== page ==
A wife teaches herself self-love as a virtuous act in the short story “Dildo” by noted feminist and poet Toi Derricotte who founded the insert adjective here like influential Cave Canem Foundation for African-American poets. Her 1992 short-short “Dildo” shows masturbation as a corollary to renunciation and broaches the unmentionable – a meek sexually unsatisfied wife, who is also clever enough to use the US Mail to bring her release:

She had bought herself a very good-size rubber one, molded from an actual erect penis….She had quickly brought in the box, which was waiting on the front steps. Thank God she had beat her husband and children home….Of course she rushed upstairs to try it, and she was not disappointed! She was shocked by how quickly she responded, and reached orgasm – a very deep orgasm – in about a minute, even though she hadn’t touched her clitoris. Erotique Noire: Black Erotica

Ain’t someone a feminist here?

We are beneficiaries of the myriad de facto feminists, armies of them spanning generations, like my great grandmother, Alice Philyaw, who took magazines and books from her employer’s house in the early 1900s to the colored side of town. Muskogee, Oklahoma, thus got its First Colored Free Library. Likeminded de facto feminists are responsible for the proliferation of African-American book clubs, mostly female, that gave mainstream publishing a shot in the arm tantamount to what Blaxploitation-era films did for Hollywood.

W.E.B.DuBois said the problem of the 20th century was the problem of the color line.  What will this still-new century’s problem be? Black people often serve as an early warning system for the American populace; we took the hit first with heroin in the mid-twentieth century before hard drugs rushed into the mainstream. We’ve borne the brunt of police brutality, in its myriad forms since enslavement, social media only lately exposing this society’s grave mistake in giving the police far greater power than we need them to wield. Freedom fighting’s in our DNA. For better and worse, the hardcore issues that blacks face – guns, crime, poverty, failing schools – define the newest America.

This country remains an experiment, a photograph developing, a destiny unfurling. The ideal of democracy was contradicted by the inclusion of slavery in the beginning. A Civil War and the Fourteenth and Fifteenth Amendments emancipated blacks. Women got the right to vote as the country urbanized; a century of world wars required all hands on deck. The second wave of feminists occurred as technology and the question of its ownership threw the country into turmoil. Fighting together, separately, at home, in the factory, on mass transportation, being subject to cultural imprinting by television and advertising have made this nation a hotbed, what public health experts call housing improvised by immigrants or illegal aliens, a dozen people sharing a one-bedroom place, sequentially sharing beds and pillows, their fungal spores contributing to rising tuberculosis rates.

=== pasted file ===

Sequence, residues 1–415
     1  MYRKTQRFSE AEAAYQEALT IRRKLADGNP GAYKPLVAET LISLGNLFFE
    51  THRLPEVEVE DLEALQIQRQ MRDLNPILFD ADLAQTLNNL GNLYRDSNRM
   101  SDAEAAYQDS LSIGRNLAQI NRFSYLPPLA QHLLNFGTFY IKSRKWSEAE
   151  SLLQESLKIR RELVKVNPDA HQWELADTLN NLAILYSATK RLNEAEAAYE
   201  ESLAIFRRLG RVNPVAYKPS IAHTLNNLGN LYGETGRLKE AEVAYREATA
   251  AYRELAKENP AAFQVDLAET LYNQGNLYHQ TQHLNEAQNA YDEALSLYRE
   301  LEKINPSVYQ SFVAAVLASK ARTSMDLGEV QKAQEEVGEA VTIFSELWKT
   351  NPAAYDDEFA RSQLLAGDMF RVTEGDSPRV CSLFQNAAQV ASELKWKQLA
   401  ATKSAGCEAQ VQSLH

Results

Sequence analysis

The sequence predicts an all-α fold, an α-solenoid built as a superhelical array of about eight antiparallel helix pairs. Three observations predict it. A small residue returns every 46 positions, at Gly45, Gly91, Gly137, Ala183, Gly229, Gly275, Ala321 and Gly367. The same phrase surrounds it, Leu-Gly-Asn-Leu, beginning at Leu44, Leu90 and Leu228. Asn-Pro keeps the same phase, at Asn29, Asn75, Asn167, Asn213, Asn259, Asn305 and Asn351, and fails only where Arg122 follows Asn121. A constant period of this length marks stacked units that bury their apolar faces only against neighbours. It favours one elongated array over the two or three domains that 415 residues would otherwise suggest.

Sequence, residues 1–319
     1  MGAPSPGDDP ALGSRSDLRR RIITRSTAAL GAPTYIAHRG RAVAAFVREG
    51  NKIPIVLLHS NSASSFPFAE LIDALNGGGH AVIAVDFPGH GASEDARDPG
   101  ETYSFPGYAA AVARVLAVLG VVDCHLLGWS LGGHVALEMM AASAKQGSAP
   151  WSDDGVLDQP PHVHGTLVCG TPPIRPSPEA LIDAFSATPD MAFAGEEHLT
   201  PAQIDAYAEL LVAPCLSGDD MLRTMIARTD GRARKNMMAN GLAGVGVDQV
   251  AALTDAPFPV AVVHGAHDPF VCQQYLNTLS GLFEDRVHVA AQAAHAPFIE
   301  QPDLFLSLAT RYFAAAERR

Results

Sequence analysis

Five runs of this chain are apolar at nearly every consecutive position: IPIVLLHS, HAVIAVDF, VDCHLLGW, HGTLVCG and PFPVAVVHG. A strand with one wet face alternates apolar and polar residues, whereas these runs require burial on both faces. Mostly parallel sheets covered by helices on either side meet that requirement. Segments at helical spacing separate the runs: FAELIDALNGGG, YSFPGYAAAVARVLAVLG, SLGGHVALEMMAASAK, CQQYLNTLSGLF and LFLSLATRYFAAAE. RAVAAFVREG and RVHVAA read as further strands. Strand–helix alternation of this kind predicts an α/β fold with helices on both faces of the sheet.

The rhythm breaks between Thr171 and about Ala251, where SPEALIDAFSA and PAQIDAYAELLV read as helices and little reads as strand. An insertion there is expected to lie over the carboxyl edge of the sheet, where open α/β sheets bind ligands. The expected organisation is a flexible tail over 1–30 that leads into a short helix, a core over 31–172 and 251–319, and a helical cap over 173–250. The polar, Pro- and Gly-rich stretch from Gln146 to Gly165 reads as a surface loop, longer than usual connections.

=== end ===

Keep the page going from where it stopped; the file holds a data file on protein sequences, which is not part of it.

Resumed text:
We occupy that hotbed though we prefer to think we each sleep alone. Speaking about the Ebola virus, President Obama recently said: “It is easy to see this as a distant problem until it is not.” De facto feminists are not just black women in the United States though the above-quoted study shows the width and breadth of our distance from the mainstream. The future has materialized so suddenly it’s often hard to recognize the millions of women being brought out of bondage and ancient ways of oppression around the world.

Terminology makes for binary thinking dilemmas. Are you a suffragette? Patriot? Was Sojourner Truth a feminist? Freedom fighter? Am I black? Or brazen hussy? Both? Perhaps de facto feminists – the lone wolves, lone rangers, lone poets, lone women without whom I can’t envision a next wave of feminism – will instruct this world on resourcefulness, sheer grit and mutual aid. It is, after all, not a new phenomenon.

sojourner-truth-shadow-5

[Ed’s note: In 1864 Sojourner Truth had at least 4 different cartes des visites shot of her. A new photograph technology, they allowed for cheap reproduction and people collected them in photo albums kept in parlors and drawing rooms. Truth, though, broke with tradition and owned the copyright to her own image and sold them [her shadow] at all her speaking engagements to earn money for her causes, which were in 1864: abolition, working as a nurse in Washington DC and attending to the streams of freed slaves moving to the city, as well as raising money for black veterans and new troops. Ain’t I A Woman Indeed.]

Judy Juanita

About Judy Juanita

Judy Juanita’s poetry and fiction have been published widely, and her plays have been produced in the Bay Area and New York City. Virgin Soul, her first novel, was published by Viking Press in April 2013.
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2 Responses to De Facto Feminism, Or More Power to the Candy Lady

  1. Jerry Varnado says:

    Dear Judy :
    This is a very good article. It is enlightening and defines people’s positions in this life.
    I never thought Black Women were free after emancipation. They were still slaves. They were not free to choose how they wanted to live their lives. They were relegated to having babies, cooking, cleaning, and doing the bidding of their husbands if they had one,and holding a job. I have given this a lot of thought. I will send you some more of my opinions. Love, Jerry

  2. Sandra Vaughn says:

    Excellent essay-love this idea.